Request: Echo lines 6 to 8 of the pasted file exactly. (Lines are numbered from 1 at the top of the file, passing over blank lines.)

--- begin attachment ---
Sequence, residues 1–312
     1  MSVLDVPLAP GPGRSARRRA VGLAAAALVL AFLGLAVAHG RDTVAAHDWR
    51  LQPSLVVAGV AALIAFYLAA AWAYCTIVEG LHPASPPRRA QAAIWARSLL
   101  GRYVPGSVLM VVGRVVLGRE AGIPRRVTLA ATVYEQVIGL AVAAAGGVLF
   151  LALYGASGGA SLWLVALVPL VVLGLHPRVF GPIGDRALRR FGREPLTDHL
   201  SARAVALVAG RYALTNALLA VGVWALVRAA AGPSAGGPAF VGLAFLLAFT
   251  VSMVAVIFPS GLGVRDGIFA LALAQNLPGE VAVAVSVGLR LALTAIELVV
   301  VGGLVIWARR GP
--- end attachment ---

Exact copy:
   201  SARAVALVAG RYALTNALLA VGVWALVRAA AGPSAGGPAF VGLAFLLAFT
   251  VSMVAVIFPS GLGVRDGIFA LALAQNLPGE VAVAVSVGLR LALTAIELVV
   301  VGGLVIWARR GP